By Cheah Ui-Hoon
FOUNDER publisher of Insight Guides Hans Hoefer is one rare person who has managed to make a living out of his passions - travelling and photography among them. So to say that he went into retirement when he sold his travel guide business in the late 90s is not the right conclusion to make.
The German who has lived in Singapore since 1970 calls it 'rejuvenation' instead because it freed him up for yet another phase in his life - one which included acquiring villas in Sri Lanka and a farmhouse in Nepal.
'I don't know why people need to 'escape' from their professional life or view retirement as a form of escapism,' muses the 66-year-old. 'If you loved your work, why would you need to get out of it?'
In fact, Mr Hoefer cites a Chinese saying that roughly translates into how every good Chinese should have 55 professions before he dies. It must be an obscure saying, but in Mr Hoefer's view, it certainly matches the idea that there should not be a distinction between 'working' life and 'non-working' life.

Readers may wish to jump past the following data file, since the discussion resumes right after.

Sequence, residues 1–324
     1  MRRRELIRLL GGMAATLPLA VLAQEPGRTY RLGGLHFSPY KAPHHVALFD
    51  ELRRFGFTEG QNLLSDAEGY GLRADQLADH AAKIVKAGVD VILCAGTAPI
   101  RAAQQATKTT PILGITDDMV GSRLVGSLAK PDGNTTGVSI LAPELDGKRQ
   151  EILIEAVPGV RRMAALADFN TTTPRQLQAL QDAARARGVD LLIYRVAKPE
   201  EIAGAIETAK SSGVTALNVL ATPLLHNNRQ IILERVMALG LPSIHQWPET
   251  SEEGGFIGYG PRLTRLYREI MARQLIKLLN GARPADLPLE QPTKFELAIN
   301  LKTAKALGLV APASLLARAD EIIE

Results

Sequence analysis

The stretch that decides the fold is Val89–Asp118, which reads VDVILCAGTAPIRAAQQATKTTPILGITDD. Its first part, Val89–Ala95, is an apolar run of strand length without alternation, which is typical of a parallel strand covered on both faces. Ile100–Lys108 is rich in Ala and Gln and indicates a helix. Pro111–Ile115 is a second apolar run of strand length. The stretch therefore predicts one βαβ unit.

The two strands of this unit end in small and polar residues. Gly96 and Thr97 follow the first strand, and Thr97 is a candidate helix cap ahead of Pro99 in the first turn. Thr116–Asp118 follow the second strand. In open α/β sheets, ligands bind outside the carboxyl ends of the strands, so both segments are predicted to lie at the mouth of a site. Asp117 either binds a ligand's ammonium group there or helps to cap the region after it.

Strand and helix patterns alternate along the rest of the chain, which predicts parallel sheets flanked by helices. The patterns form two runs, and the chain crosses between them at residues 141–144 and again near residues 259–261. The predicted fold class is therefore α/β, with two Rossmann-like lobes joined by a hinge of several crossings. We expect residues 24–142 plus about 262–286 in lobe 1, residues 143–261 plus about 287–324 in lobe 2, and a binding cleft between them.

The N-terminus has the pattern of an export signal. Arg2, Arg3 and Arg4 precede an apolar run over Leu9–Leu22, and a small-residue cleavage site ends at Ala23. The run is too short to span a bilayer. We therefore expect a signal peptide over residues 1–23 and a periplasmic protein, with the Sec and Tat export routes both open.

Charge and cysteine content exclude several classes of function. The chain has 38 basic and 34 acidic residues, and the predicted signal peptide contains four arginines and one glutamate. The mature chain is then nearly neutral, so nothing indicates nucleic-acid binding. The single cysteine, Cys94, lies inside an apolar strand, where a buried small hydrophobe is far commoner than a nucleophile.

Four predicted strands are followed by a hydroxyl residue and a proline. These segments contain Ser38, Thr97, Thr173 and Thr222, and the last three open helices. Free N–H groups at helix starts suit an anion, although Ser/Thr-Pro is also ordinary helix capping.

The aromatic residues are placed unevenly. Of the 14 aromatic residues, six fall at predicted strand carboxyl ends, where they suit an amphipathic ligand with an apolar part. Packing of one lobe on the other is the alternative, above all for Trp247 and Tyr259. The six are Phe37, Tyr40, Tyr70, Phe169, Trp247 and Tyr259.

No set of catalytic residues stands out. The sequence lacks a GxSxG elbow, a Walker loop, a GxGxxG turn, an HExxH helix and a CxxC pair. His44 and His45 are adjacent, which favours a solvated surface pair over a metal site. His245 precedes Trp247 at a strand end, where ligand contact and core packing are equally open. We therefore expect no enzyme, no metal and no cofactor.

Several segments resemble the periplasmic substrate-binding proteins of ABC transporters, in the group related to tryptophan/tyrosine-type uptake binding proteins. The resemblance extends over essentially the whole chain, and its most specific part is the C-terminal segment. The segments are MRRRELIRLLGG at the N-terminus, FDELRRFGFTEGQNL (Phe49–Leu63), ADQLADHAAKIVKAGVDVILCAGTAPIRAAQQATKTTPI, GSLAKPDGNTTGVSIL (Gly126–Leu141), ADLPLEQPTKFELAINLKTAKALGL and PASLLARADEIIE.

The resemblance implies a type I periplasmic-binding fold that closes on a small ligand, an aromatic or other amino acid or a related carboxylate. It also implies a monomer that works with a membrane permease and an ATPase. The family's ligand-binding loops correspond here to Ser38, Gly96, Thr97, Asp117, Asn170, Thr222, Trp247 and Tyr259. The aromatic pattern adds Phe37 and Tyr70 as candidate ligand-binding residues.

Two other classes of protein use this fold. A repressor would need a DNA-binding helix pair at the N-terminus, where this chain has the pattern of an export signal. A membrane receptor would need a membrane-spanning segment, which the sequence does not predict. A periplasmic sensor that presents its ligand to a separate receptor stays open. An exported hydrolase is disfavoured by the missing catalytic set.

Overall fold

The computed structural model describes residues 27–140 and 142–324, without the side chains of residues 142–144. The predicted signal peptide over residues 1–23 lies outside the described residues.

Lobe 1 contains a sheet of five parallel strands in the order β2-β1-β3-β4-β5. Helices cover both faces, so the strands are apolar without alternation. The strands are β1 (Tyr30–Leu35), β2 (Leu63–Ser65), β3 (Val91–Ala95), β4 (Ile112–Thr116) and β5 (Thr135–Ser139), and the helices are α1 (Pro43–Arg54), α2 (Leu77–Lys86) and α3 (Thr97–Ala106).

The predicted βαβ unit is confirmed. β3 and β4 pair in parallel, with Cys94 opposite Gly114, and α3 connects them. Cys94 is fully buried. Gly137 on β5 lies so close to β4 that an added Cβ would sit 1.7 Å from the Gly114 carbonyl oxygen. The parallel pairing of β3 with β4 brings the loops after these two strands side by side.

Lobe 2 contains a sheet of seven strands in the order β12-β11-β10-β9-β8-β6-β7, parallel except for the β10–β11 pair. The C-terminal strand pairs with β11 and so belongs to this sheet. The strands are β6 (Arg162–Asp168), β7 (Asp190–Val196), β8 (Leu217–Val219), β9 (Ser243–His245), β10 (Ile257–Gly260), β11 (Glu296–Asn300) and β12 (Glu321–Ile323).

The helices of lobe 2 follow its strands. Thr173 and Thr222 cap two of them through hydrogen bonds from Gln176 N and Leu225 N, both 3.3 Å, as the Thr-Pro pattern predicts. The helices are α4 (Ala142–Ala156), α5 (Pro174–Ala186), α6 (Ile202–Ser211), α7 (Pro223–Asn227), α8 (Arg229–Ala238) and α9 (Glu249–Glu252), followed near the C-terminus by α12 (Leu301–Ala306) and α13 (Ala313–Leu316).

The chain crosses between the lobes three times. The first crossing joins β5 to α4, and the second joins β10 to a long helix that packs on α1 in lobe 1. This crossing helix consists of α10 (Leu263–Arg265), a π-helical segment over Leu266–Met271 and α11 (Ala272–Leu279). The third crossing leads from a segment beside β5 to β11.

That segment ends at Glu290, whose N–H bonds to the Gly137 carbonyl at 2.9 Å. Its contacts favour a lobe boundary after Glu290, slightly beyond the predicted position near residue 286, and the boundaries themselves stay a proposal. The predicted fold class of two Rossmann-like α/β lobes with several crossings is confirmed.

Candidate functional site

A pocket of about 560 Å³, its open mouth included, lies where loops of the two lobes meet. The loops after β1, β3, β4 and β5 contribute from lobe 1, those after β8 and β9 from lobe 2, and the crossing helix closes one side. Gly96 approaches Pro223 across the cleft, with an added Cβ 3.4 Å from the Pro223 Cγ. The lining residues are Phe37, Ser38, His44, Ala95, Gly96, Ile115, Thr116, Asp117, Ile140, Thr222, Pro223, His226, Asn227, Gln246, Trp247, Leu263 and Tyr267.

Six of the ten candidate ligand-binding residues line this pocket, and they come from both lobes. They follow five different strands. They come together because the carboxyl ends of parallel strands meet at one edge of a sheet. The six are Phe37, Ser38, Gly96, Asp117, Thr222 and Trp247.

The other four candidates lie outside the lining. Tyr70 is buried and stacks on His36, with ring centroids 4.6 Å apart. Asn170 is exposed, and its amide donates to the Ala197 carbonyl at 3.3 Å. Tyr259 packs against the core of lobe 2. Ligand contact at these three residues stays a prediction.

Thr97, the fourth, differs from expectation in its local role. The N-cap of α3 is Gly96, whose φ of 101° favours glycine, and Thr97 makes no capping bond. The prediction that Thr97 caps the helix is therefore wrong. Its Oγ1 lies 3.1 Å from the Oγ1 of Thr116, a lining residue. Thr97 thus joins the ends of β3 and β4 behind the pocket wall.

Thus, one finds Mr Hoefer, married and father of two teenage daughters, dividing his time between Singapore, Sri Lanka and Nepal these days. 'I see myself as a rocket in space, that occasionally switches on its engine to speed up and change direction; but I'm happy to continue on 'cruise' and be at leisure most of the time!' he declares.
Mr Hoefer continues to be enterprising in the things he loves - all his 'hobbies' pay for themselves, such as his yacht Rising Tide which is rented out - but not having travel guides to publish does allow him more time to develop passions like photography. In fact, soon after he sold the publishing business, he delved into his photo archive to hold an art exhibition here in 2000.
'I have over 3,000 images on various polaroid films,' reckons the intrepid traveller who first arrived in Singapore in 1968, when he was 25, and published the first ever guidebook on Bali under Apa Publications in 1970.